Globe-Gazette from Mason City, Iowa on October 11, 1949 · Page 15
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Globe-Gazette from Mason City, Iowa · Page 15

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Mason City, Iowa
Issue Date:
Tuesday, October 11, 1949
Page:
Page 15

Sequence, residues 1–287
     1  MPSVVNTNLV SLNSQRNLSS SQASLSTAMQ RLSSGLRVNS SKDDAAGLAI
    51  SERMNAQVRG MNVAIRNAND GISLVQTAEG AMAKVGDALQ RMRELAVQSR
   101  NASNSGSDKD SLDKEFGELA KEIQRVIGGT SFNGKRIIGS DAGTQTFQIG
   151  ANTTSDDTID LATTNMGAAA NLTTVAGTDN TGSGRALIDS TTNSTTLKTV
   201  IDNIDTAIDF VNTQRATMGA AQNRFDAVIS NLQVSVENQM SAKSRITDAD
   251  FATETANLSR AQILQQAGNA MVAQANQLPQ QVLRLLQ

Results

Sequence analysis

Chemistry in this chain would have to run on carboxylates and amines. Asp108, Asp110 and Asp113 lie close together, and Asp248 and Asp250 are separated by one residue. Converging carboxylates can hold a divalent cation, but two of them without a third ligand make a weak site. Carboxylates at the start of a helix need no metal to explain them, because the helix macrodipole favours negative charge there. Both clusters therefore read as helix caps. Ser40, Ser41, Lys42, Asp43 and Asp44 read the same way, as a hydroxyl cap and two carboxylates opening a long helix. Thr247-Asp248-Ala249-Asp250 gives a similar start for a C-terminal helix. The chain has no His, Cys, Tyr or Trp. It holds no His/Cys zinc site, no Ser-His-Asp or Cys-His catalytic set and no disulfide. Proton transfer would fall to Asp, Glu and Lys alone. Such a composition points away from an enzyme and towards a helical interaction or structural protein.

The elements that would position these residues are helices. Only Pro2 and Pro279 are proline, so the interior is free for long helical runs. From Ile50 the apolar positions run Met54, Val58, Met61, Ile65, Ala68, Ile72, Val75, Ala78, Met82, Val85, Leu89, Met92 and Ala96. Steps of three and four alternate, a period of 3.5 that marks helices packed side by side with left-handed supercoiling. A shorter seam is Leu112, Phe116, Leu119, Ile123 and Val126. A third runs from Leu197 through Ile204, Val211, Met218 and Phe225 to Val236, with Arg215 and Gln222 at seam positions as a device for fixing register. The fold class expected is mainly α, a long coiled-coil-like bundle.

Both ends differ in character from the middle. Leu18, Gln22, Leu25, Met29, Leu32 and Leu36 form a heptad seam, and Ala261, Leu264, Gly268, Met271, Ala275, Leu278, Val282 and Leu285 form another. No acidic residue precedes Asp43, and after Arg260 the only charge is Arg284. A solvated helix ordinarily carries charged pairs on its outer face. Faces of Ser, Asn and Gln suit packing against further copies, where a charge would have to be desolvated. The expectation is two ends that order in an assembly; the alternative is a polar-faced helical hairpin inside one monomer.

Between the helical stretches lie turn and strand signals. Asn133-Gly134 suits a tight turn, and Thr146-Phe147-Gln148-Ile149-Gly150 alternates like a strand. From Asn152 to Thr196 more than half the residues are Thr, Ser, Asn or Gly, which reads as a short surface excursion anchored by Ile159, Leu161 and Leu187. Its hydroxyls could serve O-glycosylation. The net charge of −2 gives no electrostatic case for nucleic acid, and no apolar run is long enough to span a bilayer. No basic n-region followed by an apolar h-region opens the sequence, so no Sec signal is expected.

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SOCIETY NEWS who lives with her. Then too, there is her cat "fiddle." She still practices 4 to 6 hours every clay on her Berganzi (1756) presented to her by the National Arts society, and recently she \vis invited to bo the first woman guest soloist with the Houston Symphony orchestra. NOREM-ANDERSON Forest City — Miss Faye Irene Anderson, daughter of Mr. and Mrs. John A. Anderson of Forest City, became the bride of O. Andrew Norem of Mason City, son of the Rev, and Mrs. O. J. Norem of Los Angeles, Wednesday afternoon at Zion Lutheran church at Clear Lake. The Rev. Ruben Mostrom, pastor of the church, read the ceremony. They were attended by the bridegroom's sister, Mrs, T. A. Nelson, and Mr. Nelson of Northfield. BPW National Observance Is Under Way Business and Professional Women's club members opened their annual business women's week observance with attendance at services in the First Methodist church Sunday morning. In the afternoon, they gathered for a tea at the Y. W,. C. A. Arrangements for the 'tea were in charge of the social committee with Mrs. Ora Bayless as chairman. Miss Clara Lewis was in charge of the church attendance. Miss Loretta Welsh is chairman for the week's events which follow out the theme, "Boost Your Town—It Boosib You." On her committee are Mrs. Loretta Cross, Mrs. C. V. McCarthy, Mrs. Ruth Watts, Miss Mabel Root, Miss Esther Pagenhart, Mrs. Freda Plonsky, Miss Lucy Smith, Miss Lewis, Mrs. LaVerna Farrer, Mrs. Ermal Irving, Mrs. W. H. Hamilton and Mrs. Ray Whorley. The club's Tuesday event will be the Hour of Charm concert and for Thursday, a luncheon at the Cerro Gordo hotel and a dinner at the Hanford hotel are scheduled. Tens of thousands of crossings of plants are sometimes required to produce a distinctive new type. MAGIC VIOLIN GIRL COMING-rOnly a limited number of seats remain for the Hour of Charm concert to be sponsored by the B.P.W. and Lions club Tuesday evening at 8:20 in the Roosevelt fieldhouse, bringing the Phil Spitalny all-girl orchestra and Evelyn and her magic violin to a North Iowa audience.*——— — The orchestra will arrive in Mason City Tuesday morning from Madison, Wis., and will be accompanied by Harry D. Squires, head of the agency which books it. Evelyn Kaye is the concertmis- tress of the All-Girl orchestra, and the featured violinist. Actually, her responsibilities go far beyond concertmistress and featured violinist. It's a tough job to start with' an idea of an all-girl orchestra and work with it for 10 years, watching it change to a national institution as well as an important musical organization for any tmisi- sicians and then he wondered if Mozart might not have been right and that they could actually be better than men because of their sensitive and deeper emotional feelings. The longer he listened to Evelyn the more he was sold and before her concert was over he had decided to drop his men's orchestra and form the first important girls' orchestra. He went backstage and introduced himself to Evelyn and offered her the job of first violinist in his "to be formed" orchestra. The idea seemed greater than Less than the time it takes to walk from here to there SMUDSKI-LIGHTBODY Charles City — Word has been received of the marriage of Miss Vivian F. Lightbody, former res- i ident of Charles City, to Paul Allen Smudski, Aug. 30. Miss Lightbody and Mr. Smudski were married in Ithaca, N. Y., where she has been working for the past 2 years as research associate at Cornell university in the department of foods and nutrition. Mr. Smudski is completing his research for a Ph. D. degree in physical chemistry at Cornell and expects to have the requirements for his degree completed in approximately a year. Mrs. Smud- ski expects to continue her work until that time. Mrs. Smudski's parents, Mr. and Mrs. H. A. Lightbody, who lived in Charles City until about 3 years ago, are now residents of Fairbury, Nebrv DELORES HINECKER TO WED ON OCT. 16 Fredericksburg —• Announcement has been made of the approaching marriage of Miss Delores Hinecker, daughter of pren Hinecker, and Dennison Leitch, son of Mr. and Mrs. John Leitch. The wedding, an event of Oct. 16, will take place at the Little Brown church at Nashua. Mr. Leitch is an employe of the Oliver Corp., Charles City. Oct 10, 1M» 11 M»*n City Clob«-O*icti«, MM*B Cltjr. U» STOKTZ-SCHULTZ Decorah—The marriage of Miss Norma Georgene SchuLtz, daughter pf Mr. and Mrs. George B. Schultz of Castalia, and Charles Robert Stortz, son of Mr. and Mrs. Alfred Stortz of Decorah, was performed by the Rev. Daniel O'Sullivan, Oct. 6, at St. Benedict's Catholic church. The couple was attended by Miss Jane Lawler of Davenport and Roderick McCabe of Decorah. The ceremony was followed by a reception and dinner at the Green Parrot cafe. Mr. and Mrs. Stortz will reside on a farm near Ds- corah. '#& <r LA FRANCE BLUING WITH LUMINESS cal critic's view. ^(Toscanini ^once the surprise to Evelyn and she 1 - 1 — — i - —- - - accepted. Others had tried all-girl claimed in an interview that the "Hour of Charm" was his favorite radio orchestra.) During those 10 years there has never been an unpleasant story written about any member of the band, that is a feat when you have 35 girls playing different theaters all over the country- All credit for this beautiful management is given Evelyn by Mr. Spitalny. Evelyn's background is a serious study of the violin, graduating from Juilliard with honors. She began giving concerts and Spitalny heard her play at Town Hall and was struck with a girl who had her virtuosity. As he listened he became convinced that girls could be every bit as good as men mu- Hearts-Flowers DISSOLVES INSTANTLY - : : : ^Kmmst^mmmm I - ' '"'•"-' -,"/-'-, *.. '. -- ^:yf^^V,,~-v^~ v " ~<: ; /,-,- -''-, ':'<•:-•- *-:•' ,-v^ -- 'r^i I v* , * :l"/:''ZJf?^::"^' r"2*;i.*•%$$$%"- - w^';l~*??.'.' -''^-.,-* ,/ ^>^:^-'I^ I', ••' " ' ^^Titf •4l^^'4WBk^BBP?'V' ''^flVH^j^^^B~4MK^Pk~MNI^:/.^MII fll-v jW^'4BP» JBMK '"'^rr^ '?vi bands but attention had always been placed on the idea that it was girls' playing rather than their musicianship. Like Samuel Johnson's observation t about the dog who walks on his hind legs, doesn't have to be too good at it since we are surprised that he does it at all. After the first few minutes of seeing a girls' orchestra, one soon settles down to listening and then only musicianship counts. This was the principal Evelyn and Spitalny decided would govern the choosing of every member of the band and it still holds. Taking charge of 34 other girls is no small job but Evelyn finds BETTER BLUING! EASIER TO USE! plenty of time to do her own cooking and taking care of her mother, Now—better than flakes! The same wonderful La France Bluing in a brand new quick-dissolving bead form! • WHITENS WHITES! • BRIGHTENS COLORS! Including Black ,<>r •;Browfl»-Slatchl^8i.-^ s .-,«a-;,.^ .-..i-..-^.Values - rf **"**- ; * ••"' ! ' ; -'" I>:: " • ' " ^* Dainty edgings of little hearts, tulips find crocus are crocheted on handkerchiefs, pillows cases or towels. Pattern No. E-1267 contains complete instructions. Needlework Book 15 cents. To order: Send 15c in coin to (Needlewofk Bureau Globe-Gazette, 220 Fifth Ave., New York I, N. Y. Enclose 15c extra for Needlework Book which includes 7 free patterns and illustrated instructions for Ballerina Bedroom; in addition, a large selection of designs to crochet, knit and embroider. Quilts, dolls, etc. 105 EAST STATE HAMILTON • ELGIN A 10 YEAR RECORD OF PROGRESS WONDER In the Milk Protein Factor To Help Children Grow Bigger and Stronger 8 Ways 'PRQHIH-WE KEY TO Lift AMD GROWTH" THE FATE OF THESE 4 CELLS IS OFTEN THE FATE OF THE ENTIRE HUMAN BODY! HEART CELL AND HEART The human heartbeat cycle lasts about .8 second. 100,000 beats a day pump 10,567 quarts of blood! Tho heart rests between beats—a total time of 12 hours a day— about 35 years in a lifetime. The heart develops about 1/240 horsepower. Yet outwears by years the most perfect auto! MUSCLE CELL AND MUSCLE G3f) separatemusclescon- tain some 6,000,000,000 muscle colls—less than half the number of tho "thinking" brain. Each musclo cell has 400 fibrils. Each fibril bundle V can "lift" l/l,000,000th ounce; a muacle ?:i inch thick from 68 to 140 pounds.Tongue mua- r.les are fastest—25 movements per second! BRAIN CELL AND BRAIN One of 6 types of cells in rorcbral cortex of the brain . . . which contains a total of some 15 billion cells. A principal factor in coll life nnd development is' protein. Thus, in life, nothing is more important than the quality o£ the food wo eat. BONE CELL AND BONE Tho skeleton has 222 bones. Each is made up of cella , . . some living, somo petrified cella. Human bone can carry 30 times as much weight as brick; 3 times more than granite! Shin bone is strongest—itcansupport load of 3600 pounds! Serve Wonder Bread To Help Your Child Grow Bigger and Stronger 8 Ways Note How Amazing Wonder Bread Compares With Meat, Milk, and Fish In Certain Growth And Energy-Building Contents (as stated in chart) Without protein no child can grow in body or brain. Growing children need TWICE the protein per pound of body weight as grownups. These foods are good for protein: Meat, Milk, Fish, Eggs, Nuts. And Wonder Bread. Penny for penny, Wonder Brend gives your child 46% more bodybuilding protein than the average of moat, milk, fish and eggs. Good For Energy Without energy no child can work, study or play. Wonder Bread is a good and substantial energy food. Then, too, Wonder Bread is more quickly converted into energy than fat. And, of course, is better in protein for child growth. Helps Build Strong Bodies 8 Ways The chart shows the 8 body and brain-buildingproperties of Wonder Broad. Serve Wonder Bread together with fruits, vegetables, meat, milk, fish and eggs in a well-balanced diet. Give your child every chance to build body and brain. 8 ounces of Wonder Bread for a growing child cost less than a dime a day. Certainly you can afford Wonder Bread for your child. Doably Fresh Children love Wonder Bread. Plain or toasted. Because Wonder Bread is doubly fresh—fresh when you buy'it;.fresh when you eat it. Because slo-baked—13% longer than many ordinary kinds for lasting freshness. Get economical Wonder Bread fresh from your grocer today— you'll be glad you did. , 2 MNCS A TBETM. £• Mu< * - Bo °* *"d , As L Phosphorus for C*ll Metabolism HL Blood M Found in 3 Lamb Chop,. 6 GROWTH. As Sh v prc^' for L ^- 7WU|M - 3 Slice, of Y e || ow American Cb«s*. Baking Co., Inc.